-Author name in bold denotes the presenting author
-Asterisk * with author name denotes a Non-ASH member
Clinically Relevant Abstract denotes an abstract that is clinically relevant.

PhD Trainee denotes that this is a recommended PHD Trainee Session.

Ticketed Session denotes that this is a ticketed session.

680 SEC61B Regulates Calcium Flux and Platelet Hyperactivity in Diabetes Mellitus

Program: Oral and Poster Abstracts
Type: Oral
Session: 301. Vasculature, Endothelium, Thrombosis and Platelets: Basic and Translational: Targeting platelet reactivity in thrombosis
Hematology Disease Topics & Pathways:
Research, Fundamental Science, Bleeding and Clotting, Diseases, thrombotic disorders, Human, Study Population, Animal model
Monday, December 11, 2023: 10:45 AM

Yvonne X Kong1,2,3*, Rajan Rehan4*, Cesar L Moreno2,5,6*, Huiwen Zhao3*, David James2,7*, Michelle Cielesh2,6*, Grant Morahan8*, Sian Cartland9*, Mary Kavurma9*, Greg Neely2,5,6*, Matthew T. Rondina, MD10, James Weaver4*, Mark Larance2,6* and Freda H Passam, MD, PhD1,2,3

1Institute of Haematology, Royal Prince Alfred Hospital, Camperdown, NSW, Australia
2Charles Perkins Centre, University of Sydney, Camperdown, NSW, Australia
3Central Clinical School, Faculty of Medicine and Health, University of Sydney, Camperdown, NSW, Australia
4Department of Cardiology, Royal Prince Alfred Hospital, Camperdown, NSW, Australia
5Dr. John and Anne Chong Lab for Functional Genomics, Centenary Institute, Sydney, NSW, Australia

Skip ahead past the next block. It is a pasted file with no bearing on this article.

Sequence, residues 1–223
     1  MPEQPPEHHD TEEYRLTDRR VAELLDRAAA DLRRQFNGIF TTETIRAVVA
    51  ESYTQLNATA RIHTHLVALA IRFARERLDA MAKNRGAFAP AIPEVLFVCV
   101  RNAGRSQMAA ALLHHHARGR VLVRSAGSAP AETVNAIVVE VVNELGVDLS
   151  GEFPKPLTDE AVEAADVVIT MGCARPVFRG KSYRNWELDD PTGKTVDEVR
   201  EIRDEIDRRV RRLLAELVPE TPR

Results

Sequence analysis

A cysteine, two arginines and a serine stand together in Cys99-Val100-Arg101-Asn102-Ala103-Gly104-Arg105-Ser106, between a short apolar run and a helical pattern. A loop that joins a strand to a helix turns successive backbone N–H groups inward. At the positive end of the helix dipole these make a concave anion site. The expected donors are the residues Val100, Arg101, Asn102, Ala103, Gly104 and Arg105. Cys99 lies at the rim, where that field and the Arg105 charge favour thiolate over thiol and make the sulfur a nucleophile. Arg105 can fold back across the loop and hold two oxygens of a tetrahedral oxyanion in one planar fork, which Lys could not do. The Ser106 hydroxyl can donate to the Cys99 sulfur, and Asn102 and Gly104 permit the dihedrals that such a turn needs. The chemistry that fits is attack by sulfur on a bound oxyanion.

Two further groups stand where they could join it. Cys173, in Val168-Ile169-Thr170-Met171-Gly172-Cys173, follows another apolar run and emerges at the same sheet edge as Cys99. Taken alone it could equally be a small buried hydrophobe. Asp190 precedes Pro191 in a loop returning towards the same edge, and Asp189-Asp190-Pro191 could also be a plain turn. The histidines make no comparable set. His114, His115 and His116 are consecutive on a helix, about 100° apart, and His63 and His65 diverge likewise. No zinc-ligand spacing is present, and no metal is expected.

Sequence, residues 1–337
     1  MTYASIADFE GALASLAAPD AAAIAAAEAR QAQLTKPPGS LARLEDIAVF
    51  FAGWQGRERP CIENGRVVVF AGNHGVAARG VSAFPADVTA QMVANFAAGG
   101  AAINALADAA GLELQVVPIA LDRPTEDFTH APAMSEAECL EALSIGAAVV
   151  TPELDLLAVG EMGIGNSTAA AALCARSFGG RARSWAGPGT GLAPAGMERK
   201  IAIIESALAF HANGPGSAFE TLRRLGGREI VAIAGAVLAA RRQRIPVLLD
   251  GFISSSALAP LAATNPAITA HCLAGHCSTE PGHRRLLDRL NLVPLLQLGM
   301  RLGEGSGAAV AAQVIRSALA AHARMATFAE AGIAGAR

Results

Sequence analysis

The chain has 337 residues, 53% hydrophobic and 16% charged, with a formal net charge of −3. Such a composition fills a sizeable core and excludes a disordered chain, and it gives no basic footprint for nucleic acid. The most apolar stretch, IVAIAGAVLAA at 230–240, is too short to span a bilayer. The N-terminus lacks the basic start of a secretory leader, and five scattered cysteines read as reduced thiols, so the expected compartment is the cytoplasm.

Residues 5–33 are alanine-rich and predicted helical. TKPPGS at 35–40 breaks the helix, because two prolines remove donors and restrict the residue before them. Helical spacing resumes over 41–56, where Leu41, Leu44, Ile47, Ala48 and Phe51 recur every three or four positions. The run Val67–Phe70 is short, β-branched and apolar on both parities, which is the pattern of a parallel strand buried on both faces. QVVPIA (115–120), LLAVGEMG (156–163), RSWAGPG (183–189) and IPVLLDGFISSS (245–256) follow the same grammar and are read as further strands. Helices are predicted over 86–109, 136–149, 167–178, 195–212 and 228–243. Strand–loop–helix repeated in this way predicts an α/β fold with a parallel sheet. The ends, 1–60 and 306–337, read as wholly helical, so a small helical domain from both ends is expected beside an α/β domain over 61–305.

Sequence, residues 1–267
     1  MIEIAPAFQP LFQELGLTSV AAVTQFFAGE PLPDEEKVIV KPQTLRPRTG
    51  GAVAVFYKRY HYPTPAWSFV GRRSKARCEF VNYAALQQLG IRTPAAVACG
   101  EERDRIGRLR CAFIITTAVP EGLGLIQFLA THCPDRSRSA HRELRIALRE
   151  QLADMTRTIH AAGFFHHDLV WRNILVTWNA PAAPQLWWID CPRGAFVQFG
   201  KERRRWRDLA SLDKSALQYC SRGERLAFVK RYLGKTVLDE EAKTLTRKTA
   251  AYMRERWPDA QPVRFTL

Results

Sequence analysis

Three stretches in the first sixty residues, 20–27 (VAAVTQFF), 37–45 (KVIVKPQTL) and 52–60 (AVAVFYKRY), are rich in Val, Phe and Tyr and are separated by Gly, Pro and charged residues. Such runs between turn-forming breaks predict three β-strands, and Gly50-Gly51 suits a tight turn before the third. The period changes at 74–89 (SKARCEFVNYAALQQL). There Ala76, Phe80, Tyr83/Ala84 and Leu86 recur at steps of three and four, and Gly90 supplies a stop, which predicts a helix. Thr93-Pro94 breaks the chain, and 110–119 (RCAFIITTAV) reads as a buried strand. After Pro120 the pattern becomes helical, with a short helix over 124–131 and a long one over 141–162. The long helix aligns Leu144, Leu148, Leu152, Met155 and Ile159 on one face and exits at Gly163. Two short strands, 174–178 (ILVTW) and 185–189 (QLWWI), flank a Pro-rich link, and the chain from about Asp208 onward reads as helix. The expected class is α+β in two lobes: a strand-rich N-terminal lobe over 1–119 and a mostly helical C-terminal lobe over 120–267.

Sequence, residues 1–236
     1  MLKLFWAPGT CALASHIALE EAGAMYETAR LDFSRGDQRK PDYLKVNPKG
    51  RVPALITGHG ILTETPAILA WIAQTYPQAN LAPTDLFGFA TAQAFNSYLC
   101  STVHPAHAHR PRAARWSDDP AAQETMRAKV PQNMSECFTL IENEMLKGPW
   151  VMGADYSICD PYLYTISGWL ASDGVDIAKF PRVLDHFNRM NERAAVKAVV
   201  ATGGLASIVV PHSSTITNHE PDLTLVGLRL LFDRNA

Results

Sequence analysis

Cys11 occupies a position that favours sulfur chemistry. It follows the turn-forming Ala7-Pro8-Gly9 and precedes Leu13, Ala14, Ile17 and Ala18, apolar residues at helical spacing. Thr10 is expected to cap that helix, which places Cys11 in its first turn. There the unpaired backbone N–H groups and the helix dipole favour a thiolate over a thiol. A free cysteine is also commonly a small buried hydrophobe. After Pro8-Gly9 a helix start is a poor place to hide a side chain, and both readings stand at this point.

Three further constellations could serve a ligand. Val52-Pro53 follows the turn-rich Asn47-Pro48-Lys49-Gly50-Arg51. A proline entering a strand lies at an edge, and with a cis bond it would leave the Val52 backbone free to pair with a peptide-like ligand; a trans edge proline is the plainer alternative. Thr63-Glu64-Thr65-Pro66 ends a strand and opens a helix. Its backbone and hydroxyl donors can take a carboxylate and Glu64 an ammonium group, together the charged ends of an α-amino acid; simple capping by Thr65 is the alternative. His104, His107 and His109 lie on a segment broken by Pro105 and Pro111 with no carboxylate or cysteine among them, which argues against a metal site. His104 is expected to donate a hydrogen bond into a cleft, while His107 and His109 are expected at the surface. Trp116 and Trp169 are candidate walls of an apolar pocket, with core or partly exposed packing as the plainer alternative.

6School of Medical Sciences, University of Sydney, Camperdown, NSW, Australia
7School of Life and Environmental Sciences, University of Sydney, Camperdown, NSW, Australia
8University of Western Australia Centre for Medical Research, University of Western Australia, Perth, Western Australia, Australia
9Heart Research Institute, Sydney, NSW, Australia
10Molecular Medicine Program, Department of Internal Medicine, and Division of Hematology and Hematologic Malignancies, University of Utah, Salt Lake City, UT


Platelets in individuals with diabetes mellitus show increased activity at baseline and in response to stimuli, which contributes to the increased cardiovascular events in this population. Endoplasmic reticulum (ER) stress, induced by misfolded proteins, has recently been identified as a mechanism of platelet hyperactivity in diabetes. Newly synthesized proteins enter the ER via the Sec61 translocon for folding. The Sec61 translocon is a heterotrimeric channel comprising of the pore-forming α, and peripheral β and γ subunits. In addition to its roles in proteostasis, it also acts as a leak channel to allow calcium efflux from the ER into the cytosol. However, a function for the Sec61 complex has not been previously described in platelets.

Study design/Methods